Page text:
Hill Of Content
Turning a big idea into a human-scale landform shaped garden designer approach Michael Bates’ to his own patch on the slopes outside Sydney.
A garden designer’s own lush mountain sanctuary.
The Blue Mountains, just west of Sydney, have a decent elevation by Australian standards, as well as excellent volcanic soils, a cooler climate than the coast and the ability to cultivate subtemperate exotics. Here, the ideal of an Arcadian paradise can be carved out in an Australian setting without being too contrived. Gardening in the mountains is not just a therapeutic pastime, it’s a way of life. To some of us, it’s almost a religion.
I bought this Mt Irvine property, Tallawong, in 2001 as a young landscaper and set out on a 30-year garden-making program. The timber cottage and garden date back to 1915 when two brothers – original settlers from the 1890s – split their holdings after a dispute and one built this house. The toil of these first settlers and the history of making this place are still palpable. Tallawong has been the recipient of a century of what I like to call ‘afternoon-tea gardening’. People would have get-togethers, swapping plant knowledge and cuttings. They’d go home and pop things in the ground, and if they flourished, so be it.
They had no detailed knowledge of how big trees would grow. So, my first stage of garden-making involved removal. A lot of overmature specimens were either viciously pruned or removed, thoughmanystillremain.Anongoingtree-managementprogram is important to keep the sun filtering through.
This garden has also been a great recipient of many salvaged plants from other projects. The feeling of saving a special specimen and giving it a new life in my garden – in this time of unfettered consumerism and wastage – is very satisfying.
My boldest gesture, the landform, was inspired by a study tour to the UK, during which I saw the works of great garden designers such as Vita Sackville-West and Capability Brown. But the
most influential work was that of Charles Jencks, within his Garden of Cosmic Speculation near Dumfries, Scotland.
I was motivated to create my own landform near the dam. Originally, I wanted a double helix, but that idea was too grand for the space. I played with a spiral, but couldn’t calm it down so that it wouldn’t block the view of the water from the house. Instead, the landform morphed into its crescent shape.
As you circle the base of the landform, or walk along it, your view and perspective constantly change with your elevation. It’s a contemplative experience, a way of harnessing the restorative qualities of the mountains on a human scale.
I now view my process as sculpting the land in four dimensions. I don’t just carve out and shape the land; I plant growing things that create new spaces and opportunities all the time.
I always say I gain equal pleasure from working in the garden and relaxing and sharing the place with family, friends and people I find interesting. Watching people of all ages interact and respond to the garden is very satisfying.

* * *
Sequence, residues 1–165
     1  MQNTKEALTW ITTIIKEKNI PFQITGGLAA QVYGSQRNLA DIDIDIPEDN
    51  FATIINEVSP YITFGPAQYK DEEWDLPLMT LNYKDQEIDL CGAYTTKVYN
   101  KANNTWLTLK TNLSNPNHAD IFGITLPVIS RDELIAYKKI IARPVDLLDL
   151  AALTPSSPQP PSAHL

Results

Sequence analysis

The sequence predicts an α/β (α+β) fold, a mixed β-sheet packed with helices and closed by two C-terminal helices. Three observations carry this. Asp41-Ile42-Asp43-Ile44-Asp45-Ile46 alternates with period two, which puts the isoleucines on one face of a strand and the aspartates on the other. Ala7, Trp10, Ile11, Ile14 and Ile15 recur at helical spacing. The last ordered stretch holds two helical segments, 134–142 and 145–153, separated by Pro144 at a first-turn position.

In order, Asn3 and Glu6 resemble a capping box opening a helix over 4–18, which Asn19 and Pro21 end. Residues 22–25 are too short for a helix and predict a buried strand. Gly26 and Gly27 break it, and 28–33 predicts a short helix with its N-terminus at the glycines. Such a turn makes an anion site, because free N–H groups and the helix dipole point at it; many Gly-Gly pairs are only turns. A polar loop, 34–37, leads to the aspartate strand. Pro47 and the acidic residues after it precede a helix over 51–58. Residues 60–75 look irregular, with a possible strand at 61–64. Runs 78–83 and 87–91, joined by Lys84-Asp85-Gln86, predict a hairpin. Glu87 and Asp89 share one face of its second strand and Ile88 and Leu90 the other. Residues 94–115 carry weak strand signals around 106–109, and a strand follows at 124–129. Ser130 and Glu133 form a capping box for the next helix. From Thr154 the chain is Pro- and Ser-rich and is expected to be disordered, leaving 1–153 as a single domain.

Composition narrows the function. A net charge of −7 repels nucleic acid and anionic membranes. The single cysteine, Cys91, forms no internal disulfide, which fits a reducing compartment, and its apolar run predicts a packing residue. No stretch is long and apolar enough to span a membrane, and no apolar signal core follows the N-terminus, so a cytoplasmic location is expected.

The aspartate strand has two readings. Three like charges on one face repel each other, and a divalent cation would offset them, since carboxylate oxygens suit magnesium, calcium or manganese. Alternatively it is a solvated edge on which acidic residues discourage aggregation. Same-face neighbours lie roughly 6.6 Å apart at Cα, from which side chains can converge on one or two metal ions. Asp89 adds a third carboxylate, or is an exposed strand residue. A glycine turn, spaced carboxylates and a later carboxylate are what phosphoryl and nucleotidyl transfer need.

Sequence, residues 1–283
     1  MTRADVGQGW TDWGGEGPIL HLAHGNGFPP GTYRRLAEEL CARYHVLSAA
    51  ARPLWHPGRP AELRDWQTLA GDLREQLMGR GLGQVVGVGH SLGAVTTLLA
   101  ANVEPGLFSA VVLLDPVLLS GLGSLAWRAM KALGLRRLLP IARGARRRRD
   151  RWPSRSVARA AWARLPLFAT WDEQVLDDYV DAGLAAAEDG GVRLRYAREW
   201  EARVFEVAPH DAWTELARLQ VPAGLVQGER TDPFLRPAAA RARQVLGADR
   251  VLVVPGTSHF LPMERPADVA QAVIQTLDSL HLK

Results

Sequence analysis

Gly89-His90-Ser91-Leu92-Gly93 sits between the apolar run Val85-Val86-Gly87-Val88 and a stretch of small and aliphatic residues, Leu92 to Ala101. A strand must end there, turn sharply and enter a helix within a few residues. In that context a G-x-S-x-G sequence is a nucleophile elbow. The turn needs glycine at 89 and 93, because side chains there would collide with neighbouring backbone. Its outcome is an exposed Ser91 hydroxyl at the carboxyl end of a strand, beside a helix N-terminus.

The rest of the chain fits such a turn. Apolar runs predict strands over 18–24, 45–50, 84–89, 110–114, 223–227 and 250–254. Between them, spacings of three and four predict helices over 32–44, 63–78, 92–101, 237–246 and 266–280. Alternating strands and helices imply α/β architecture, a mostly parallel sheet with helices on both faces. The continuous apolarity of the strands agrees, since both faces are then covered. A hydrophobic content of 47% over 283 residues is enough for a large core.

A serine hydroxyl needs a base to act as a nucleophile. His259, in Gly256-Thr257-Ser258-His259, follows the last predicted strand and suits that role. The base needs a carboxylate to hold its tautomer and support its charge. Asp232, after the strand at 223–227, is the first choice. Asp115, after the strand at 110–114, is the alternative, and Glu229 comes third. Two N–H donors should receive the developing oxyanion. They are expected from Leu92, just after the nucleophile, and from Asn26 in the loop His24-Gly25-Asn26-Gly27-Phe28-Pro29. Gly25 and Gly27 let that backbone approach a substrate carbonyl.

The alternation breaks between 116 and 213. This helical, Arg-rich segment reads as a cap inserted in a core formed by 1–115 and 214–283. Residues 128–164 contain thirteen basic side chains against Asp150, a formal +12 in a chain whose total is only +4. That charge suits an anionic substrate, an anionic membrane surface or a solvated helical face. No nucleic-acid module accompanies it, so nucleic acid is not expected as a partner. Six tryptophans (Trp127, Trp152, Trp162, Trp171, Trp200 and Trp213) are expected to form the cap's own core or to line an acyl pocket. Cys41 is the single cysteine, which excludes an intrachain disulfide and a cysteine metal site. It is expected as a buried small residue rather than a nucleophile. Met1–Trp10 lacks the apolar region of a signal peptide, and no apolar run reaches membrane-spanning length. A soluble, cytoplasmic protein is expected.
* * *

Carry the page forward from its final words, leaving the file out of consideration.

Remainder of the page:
As my children have grown, the tree house, trampoline and sandpits have been delicately removed, sometimes to the chagrin of one or other of them. They want these things to remain for their own future children. An enchanting mountain childhood is something they want the next generation to experience as well.
The opportunity to create a garden where I am the client cannot be overstated. Here, I can fill my garden with things I like. It’s been an immeasurable pleasure, and the idea that I am only halfway through this project is life-affirming. As I lounge in the hammock and allow ideas to float in and out, the tantalising prospect of what to do next is a constant delight.”
ABOVE Wisteria ‘Macrobotrys’, which produces breathtaking flowers of 40–50cm long, grows over a pergola at the side of Michael’s house. A swing hangs from a Doryphora sassafras tree, a remnant from an indigenous rainforest. OPPOSITE Michael in his wife Sophia’s floral domain – “As a clockwise from top left wedding gift, I gave her a prime patch of ground to make a flower garden.” A Japanese maple shelters the timber seat and dry-stone wall in the entry courtyard. Artist Willem van Stom created the pear sculpture from horseshoes; it hangs, fittingly, from a pear tree, across a stretch of lawn with a weeping maple.
THIS PAGE Inspired by British sculptor Andy Goldsworthy, Michael from top created this surreal egg in stone left over from a job. A comfortably aged garden shed at Tallawong. Michael relaxes with Gypsy, his Jack Russell terrier. OPPOSITE TOP Interactive sculptures of birds in flight, also the work of Willem van Stom, are creatively rearranged on a regular basis. By the house, a pizza oven, fire pit and casual seating make for laidback entertaining. OPPOSITE BOTTOM Michael built a jetty over the dam, which offers a fine view from the house. The walnut tree beside it bears a crop around Easter.
This is an edited extract from The New Australian Garden: Landscapes For Living by Michael Bates, published by Murdoch Books, $59.99. Michael’s company is Bates Landscape, Artarmon, NSW; (02) 9818 6666 or bateslandscape.com.au.